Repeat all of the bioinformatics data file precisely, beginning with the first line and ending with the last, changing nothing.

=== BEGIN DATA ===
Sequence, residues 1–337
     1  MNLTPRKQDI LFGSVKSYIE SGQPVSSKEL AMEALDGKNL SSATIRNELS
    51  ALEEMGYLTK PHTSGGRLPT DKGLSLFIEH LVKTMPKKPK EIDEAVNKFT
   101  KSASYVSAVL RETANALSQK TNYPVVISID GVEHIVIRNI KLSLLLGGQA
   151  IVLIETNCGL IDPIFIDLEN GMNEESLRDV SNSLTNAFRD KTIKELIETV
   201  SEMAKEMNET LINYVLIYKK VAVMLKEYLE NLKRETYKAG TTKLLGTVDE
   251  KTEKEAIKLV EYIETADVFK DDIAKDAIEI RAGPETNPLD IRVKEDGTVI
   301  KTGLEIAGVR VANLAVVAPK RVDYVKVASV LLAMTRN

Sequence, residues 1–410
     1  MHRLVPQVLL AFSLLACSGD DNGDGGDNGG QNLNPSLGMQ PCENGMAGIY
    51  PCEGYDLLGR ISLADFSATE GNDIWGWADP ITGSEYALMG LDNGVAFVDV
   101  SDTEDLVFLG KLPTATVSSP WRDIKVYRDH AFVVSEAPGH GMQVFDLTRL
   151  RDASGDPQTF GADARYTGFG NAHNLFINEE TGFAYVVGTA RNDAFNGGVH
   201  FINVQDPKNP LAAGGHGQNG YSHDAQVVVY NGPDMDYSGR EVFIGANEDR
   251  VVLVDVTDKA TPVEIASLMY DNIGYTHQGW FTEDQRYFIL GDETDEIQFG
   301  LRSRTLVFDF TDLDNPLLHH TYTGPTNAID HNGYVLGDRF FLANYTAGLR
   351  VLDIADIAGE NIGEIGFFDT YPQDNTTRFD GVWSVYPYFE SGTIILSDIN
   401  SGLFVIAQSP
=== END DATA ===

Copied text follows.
Sequence, residues 1–337
     1  MNLTPRKQDI LFGSVKSYIE SGQPVSSKEL AMEALDGKNL SSATIRNELS
    51  ALEEMGYLTK PHTSGGRLPT DKGLSLFIEH LVKTMPKKPK EIDEAVNKFT
   101  KSASYVSAVL RETANALSQK TNYPVVISID GVEHIVIRNI KLSLLLGGQA
   151  IVLIETNCGL IDPIFIDLEN GMNEESLRDV SNSLTNAFRD KTIKELIETV
   201  SEMAKEMNET LINYVLIYKK VAVMLKEYLE NLKRETYKAG TTKLLGTVDE
   251  KTEKEAIKLV EYIETADVFK DDIAKDAIEI RAGPETNPLD IRVKEDGTVI
   301  KTGLEIAGVR VANLAVVAPK RVDYVKVASV LLAMTRN

Sequence, residues 1–410
     1  MHRLVPQVLL AFSLLACSGD DNGDGGDNGG QNLNPSLGMQ PCENGMAGIY
    51  PCEGYDLLGR ISLADFSATE GNDIWGWADP ITGSEYALMG LDNGVAFVDV
   101  SDTEDLVFLG KLPTATVSSP WRDIKVYRDH AFVVSEAPGH GMQVFDLTRL
   151  RDASGDPQTF GADARYTGFG NAHNLFINEE TGFAYVVGTA RNDAFNGGVH
   201  FINVQDPKNP LAAGGHGQNG YSHDAQVVVY NGPDMDYSGR EVFIGANEDR
   251  VVLVDVTDKA TPVEIASLMY DNIGYTHQGW FTEDQRYFIL GDETDEIQFG
   301  LRSRTLVFDF TDLDNPLLHH TYTGPTNAID HNGYVLGDRF FLANYTAGLR
   351  VLDIADIAGE NIGEIGFFDT YPQDNTTRFD GVWSVYPYFE SGTIILSDIN
   401  SGLFVIAQSP